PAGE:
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Weather Holds Back Wildfires

September 09, 2003|From Associated Press

CAMP SHERMAN, Ore. — About 300 residents who were evacuated from this resort community because of a wildfire were allowed to return home Monday after rain and cooler weather helped firefighters.

Camp Sherman residents were asked not to walk or drive in areas burned by the wildfire, and nonresidents were still banned.

"They need to be cautious," said Jeree Mills, fire spokeswoman. "There's a lot of things that are dangerous that people don't see, like holes and snags and things."

Residents were ordered out of their homes Friday for a second time when two fires merged into one and jumped containment lines. Residents had earlier been evacuated for a 10-day stretch.

But rain and cooler weather helped more than 2,350 firefighters get an upper hand Monday, said David Widmark, spokesman for the Northwest Interagency Coordination Center. The fires have burned 90,367 acres and are 50% contained, he said.

Cold fronts also helped firefighters in other areas of the Northwest and the Northern Rockies.

In Montana, fire managers said scattered rain and cooler temperatures arrived without high winds that had been feared.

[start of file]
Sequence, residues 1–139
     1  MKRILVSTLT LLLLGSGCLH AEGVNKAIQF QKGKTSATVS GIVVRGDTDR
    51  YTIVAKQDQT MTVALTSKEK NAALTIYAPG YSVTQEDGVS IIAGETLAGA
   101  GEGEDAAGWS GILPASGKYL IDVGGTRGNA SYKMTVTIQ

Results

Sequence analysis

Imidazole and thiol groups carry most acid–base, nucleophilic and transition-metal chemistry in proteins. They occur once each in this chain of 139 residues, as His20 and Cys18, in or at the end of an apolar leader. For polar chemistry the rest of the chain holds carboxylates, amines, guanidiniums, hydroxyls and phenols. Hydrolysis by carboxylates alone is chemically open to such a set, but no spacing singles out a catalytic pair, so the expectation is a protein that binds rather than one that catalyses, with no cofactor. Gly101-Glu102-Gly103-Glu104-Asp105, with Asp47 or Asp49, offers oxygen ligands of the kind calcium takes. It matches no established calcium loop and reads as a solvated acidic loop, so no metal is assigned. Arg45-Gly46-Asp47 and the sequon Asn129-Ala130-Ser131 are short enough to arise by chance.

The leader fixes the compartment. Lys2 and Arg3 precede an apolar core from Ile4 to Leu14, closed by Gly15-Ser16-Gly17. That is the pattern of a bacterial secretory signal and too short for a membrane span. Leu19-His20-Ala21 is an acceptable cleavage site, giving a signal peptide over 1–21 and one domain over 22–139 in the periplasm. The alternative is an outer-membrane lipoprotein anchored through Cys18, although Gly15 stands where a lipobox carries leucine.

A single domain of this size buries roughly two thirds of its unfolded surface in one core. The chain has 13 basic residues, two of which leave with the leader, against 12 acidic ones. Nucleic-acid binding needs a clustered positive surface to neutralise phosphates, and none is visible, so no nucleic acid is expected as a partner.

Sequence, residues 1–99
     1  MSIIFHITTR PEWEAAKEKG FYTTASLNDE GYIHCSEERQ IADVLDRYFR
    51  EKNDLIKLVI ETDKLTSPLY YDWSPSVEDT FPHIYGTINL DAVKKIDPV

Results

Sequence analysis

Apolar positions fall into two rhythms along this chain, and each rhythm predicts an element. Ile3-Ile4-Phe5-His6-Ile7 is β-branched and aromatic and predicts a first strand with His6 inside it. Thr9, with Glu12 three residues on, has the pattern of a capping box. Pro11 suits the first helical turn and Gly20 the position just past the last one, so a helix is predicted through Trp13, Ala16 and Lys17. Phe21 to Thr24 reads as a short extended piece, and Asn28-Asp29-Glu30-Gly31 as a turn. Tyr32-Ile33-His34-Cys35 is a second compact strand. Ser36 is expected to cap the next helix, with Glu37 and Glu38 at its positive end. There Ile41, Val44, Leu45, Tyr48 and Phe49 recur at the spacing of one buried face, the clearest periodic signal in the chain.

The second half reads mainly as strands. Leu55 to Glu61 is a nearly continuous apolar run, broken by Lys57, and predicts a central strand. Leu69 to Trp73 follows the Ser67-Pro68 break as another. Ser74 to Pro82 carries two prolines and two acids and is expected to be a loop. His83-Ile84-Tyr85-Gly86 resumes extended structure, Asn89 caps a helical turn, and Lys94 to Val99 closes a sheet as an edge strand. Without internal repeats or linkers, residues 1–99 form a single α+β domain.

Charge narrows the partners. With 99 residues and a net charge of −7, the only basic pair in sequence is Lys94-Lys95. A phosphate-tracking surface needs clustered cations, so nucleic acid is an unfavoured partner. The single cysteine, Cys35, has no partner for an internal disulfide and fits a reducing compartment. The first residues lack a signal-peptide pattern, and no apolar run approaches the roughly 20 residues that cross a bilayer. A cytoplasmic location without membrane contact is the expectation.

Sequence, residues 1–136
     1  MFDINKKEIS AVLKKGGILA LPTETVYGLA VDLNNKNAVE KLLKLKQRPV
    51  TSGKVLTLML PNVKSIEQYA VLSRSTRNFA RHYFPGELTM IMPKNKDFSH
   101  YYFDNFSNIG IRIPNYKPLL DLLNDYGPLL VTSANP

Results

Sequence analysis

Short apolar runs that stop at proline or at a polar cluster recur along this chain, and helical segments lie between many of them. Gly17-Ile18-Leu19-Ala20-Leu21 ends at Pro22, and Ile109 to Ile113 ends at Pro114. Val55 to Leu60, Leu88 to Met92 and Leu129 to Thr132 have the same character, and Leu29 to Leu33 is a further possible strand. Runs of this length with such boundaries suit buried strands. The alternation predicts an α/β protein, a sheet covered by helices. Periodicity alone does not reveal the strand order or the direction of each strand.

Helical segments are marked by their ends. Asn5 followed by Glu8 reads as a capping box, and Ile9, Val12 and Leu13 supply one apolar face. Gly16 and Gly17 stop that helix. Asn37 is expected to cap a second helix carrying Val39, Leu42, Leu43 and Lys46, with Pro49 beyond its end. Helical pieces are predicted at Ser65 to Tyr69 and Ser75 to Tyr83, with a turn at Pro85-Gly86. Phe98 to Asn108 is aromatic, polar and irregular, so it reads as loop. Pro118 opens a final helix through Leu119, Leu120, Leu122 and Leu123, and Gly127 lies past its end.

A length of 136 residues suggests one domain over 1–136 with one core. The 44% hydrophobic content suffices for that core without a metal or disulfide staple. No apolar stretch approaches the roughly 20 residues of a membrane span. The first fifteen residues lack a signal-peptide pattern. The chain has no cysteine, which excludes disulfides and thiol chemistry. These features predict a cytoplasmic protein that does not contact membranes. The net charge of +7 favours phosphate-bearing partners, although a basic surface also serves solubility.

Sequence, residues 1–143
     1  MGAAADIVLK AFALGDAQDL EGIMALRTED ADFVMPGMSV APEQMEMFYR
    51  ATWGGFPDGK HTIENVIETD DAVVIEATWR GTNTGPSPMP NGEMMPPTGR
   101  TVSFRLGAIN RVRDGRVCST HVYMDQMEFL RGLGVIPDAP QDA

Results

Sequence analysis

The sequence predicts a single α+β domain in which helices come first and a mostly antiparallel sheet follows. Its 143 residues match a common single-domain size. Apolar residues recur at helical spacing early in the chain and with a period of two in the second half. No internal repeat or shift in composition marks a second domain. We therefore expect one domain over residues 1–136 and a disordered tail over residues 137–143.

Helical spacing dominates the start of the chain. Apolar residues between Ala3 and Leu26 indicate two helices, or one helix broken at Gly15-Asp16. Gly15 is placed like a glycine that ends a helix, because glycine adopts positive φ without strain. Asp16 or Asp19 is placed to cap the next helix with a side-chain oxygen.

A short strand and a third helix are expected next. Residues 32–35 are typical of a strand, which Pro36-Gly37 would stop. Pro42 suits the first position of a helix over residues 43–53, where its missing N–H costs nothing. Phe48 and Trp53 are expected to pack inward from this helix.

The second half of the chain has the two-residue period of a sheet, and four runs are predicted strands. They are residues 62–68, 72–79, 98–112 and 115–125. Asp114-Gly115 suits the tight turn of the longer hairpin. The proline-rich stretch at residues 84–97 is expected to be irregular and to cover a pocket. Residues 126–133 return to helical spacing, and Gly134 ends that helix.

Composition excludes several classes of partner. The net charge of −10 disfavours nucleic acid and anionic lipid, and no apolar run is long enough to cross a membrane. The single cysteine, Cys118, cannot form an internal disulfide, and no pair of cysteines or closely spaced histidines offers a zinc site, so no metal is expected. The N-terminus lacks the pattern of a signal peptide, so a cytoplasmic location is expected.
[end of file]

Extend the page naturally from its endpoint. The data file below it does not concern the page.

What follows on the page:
Montana's 18 major fires or fire complexes have burned more than 650,000 acres this season. Fire information officer Ricardo Zuniga of the Northern Rockies Interagency Information Center cautioned that the fire season will not be over until much more significant rain or snow arrives.

"Nobody here is talking about an end to the fire season," he said.

In Washington state, nearly half an inch of rain fell in some areas, slowing fire growth and allowing crews to strengthen lines. That also allowed managers to cancel an evacuation order for residents of about 75 homes nearest a 24,500-acre fire in north-central Washington's upper Methow Valley, said Greg Thayer, a firefighters' spokesman.

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